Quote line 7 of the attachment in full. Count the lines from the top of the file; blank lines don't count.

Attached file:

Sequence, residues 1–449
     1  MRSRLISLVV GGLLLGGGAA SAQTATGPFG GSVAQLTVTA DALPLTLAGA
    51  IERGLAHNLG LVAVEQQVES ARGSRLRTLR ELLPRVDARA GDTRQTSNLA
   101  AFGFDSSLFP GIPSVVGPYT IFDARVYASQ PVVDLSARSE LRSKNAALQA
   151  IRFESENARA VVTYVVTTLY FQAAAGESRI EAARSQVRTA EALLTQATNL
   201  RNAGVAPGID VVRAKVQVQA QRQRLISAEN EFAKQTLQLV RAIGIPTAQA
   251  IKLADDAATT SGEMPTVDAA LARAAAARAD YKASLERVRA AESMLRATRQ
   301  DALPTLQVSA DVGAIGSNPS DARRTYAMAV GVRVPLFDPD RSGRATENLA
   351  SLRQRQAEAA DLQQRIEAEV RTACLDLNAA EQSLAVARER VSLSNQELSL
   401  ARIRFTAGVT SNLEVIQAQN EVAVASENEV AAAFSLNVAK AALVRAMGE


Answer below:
   251  IKLADDAATT SGEMPTVDAA LARAAAARAD YKASLERVRA AESMLRATRQ